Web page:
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Transmission routes of rare seasonal diseases: the case of norovirus infections

Lookup NU author(s): Professor Stephen Rushton, Dr Roy SandersonORCiD, Dr William Reid, Dr Mark ShirleyORCiD, Professor Sarah O'Brien



This is the authors' accepted manuscript of an article that has been published in its final definitive form by Royal Society Publishing, 2019.

For re-use rights please refer to the publisher's terms and conditions.


Norovirus (NoV) is the most commonly recognised cause of acute gastroenteritis, with over a million cases globally per year. Whilst usually self-limiting, NoV poses a substantial economic burden because it is highly contagious and there are multiple transmission routes. Infection occurs through inhalation of vomitus; faecal-oral spread; food, water and environmental contamination. Whilst the incidence of disease is predictably seasonal, much less is known about the relative contribution of the various exposure pathways in causing disease. Additionally asymptomatic excretion and viral shedding make forecasting disease burden difficult. We develop a novel stochastic dynamic network model to investigate the contributions of different transmission pathways in multiple coupled social networks representing schools, hospitals, care-homes, and family households in a community setting. We analyse how the networks impact on transmission. We used ward-level demographic data from Northumberland, UK to create a simulation cohort. We compared the results with extant data on NoV cases from the IID2 study. Connectivity across the simulated cohort was high. Cases of NoV showed marked seasonality, peaking in early winter and declining through the summer. For the first time we show that fomites and food appear to be the most important exposure routes in determining the population burden of disease.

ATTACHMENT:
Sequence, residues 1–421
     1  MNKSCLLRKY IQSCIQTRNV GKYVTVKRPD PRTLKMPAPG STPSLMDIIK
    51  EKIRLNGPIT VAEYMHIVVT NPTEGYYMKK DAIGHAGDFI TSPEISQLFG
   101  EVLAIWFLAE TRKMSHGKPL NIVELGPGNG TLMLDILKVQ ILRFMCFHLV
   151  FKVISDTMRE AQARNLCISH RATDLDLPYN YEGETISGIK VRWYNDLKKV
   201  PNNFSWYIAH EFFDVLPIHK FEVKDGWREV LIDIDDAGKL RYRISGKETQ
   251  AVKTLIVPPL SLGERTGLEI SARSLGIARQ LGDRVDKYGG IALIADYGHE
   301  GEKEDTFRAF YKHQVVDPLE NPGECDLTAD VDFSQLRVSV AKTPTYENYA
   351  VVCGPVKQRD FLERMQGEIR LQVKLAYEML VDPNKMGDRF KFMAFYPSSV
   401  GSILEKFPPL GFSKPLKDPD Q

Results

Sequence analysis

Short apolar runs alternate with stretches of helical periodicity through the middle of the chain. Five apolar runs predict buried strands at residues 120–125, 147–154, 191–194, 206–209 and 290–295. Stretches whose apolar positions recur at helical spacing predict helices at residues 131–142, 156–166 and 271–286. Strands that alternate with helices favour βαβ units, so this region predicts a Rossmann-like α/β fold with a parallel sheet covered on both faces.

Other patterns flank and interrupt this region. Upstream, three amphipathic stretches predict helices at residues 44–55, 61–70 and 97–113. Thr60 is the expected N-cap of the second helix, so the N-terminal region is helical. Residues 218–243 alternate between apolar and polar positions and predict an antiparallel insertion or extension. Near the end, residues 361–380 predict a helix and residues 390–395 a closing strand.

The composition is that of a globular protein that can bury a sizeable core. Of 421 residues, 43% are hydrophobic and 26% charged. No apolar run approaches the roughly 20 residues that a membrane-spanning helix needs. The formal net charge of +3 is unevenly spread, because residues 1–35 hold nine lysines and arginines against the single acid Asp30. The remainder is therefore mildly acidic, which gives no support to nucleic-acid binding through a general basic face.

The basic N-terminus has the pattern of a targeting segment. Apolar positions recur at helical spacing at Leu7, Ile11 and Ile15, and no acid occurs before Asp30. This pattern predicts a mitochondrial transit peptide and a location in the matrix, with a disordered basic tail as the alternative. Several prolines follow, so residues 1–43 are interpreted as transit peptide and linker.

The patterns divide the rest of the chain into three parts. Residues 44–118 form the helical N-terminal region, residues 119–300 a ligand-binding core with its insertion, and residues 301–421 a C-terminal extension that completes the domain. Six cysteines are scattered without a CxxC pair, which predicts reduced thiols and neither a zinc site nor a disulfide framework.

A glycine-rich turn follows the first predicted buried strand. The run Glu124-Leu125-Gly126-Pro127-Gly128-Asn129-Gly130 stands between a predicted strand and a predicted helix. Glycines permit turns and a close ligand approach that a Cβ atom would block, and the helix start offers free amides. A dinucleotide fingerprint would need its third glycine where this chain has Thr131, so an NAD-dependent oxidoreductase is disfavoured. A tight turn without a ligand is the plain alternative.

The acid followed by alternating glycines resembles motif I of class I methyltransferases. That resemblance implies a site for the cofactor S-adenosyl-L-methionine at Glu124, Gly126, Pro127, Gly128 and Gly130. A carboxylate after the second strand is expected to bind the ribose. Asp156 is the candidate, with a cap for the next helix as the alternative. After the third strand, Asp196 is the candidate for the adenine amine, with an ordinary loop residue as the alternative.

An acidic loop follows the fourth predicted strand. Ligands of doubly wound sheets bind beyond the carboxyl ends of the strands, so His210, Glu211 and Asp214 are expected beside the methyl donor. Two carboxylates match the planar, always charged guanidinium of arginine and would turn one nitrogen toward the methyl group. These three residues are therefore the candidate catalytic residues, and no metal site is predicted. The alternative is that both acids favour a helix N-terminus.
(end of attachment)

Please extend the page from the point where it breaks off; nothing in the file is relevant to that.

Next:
Publication metadata

Author(s): Rushton SP, Sanderson RA, Reid WDK, Shirley MDF, Harris JP, Hunter PR, O'Brien SJ

Publication type: Article

Publication status: Published

Journal: Philosophical Transactions of the Royal Society B: Biological Sciences

Year: 2019

Volume: 374

Issue: 1776

Print publication date: 01/07/2019

Online publication date: 20/05/2019

Acceptance date: 07/11/2018

Date deposited: 11/12/2018

ISSN (print): 0962-8436

ISSN (electronic): 1471-2970

Publisher: Royal Society Publishing


DOI: 10.1098/rstb.2018.0267


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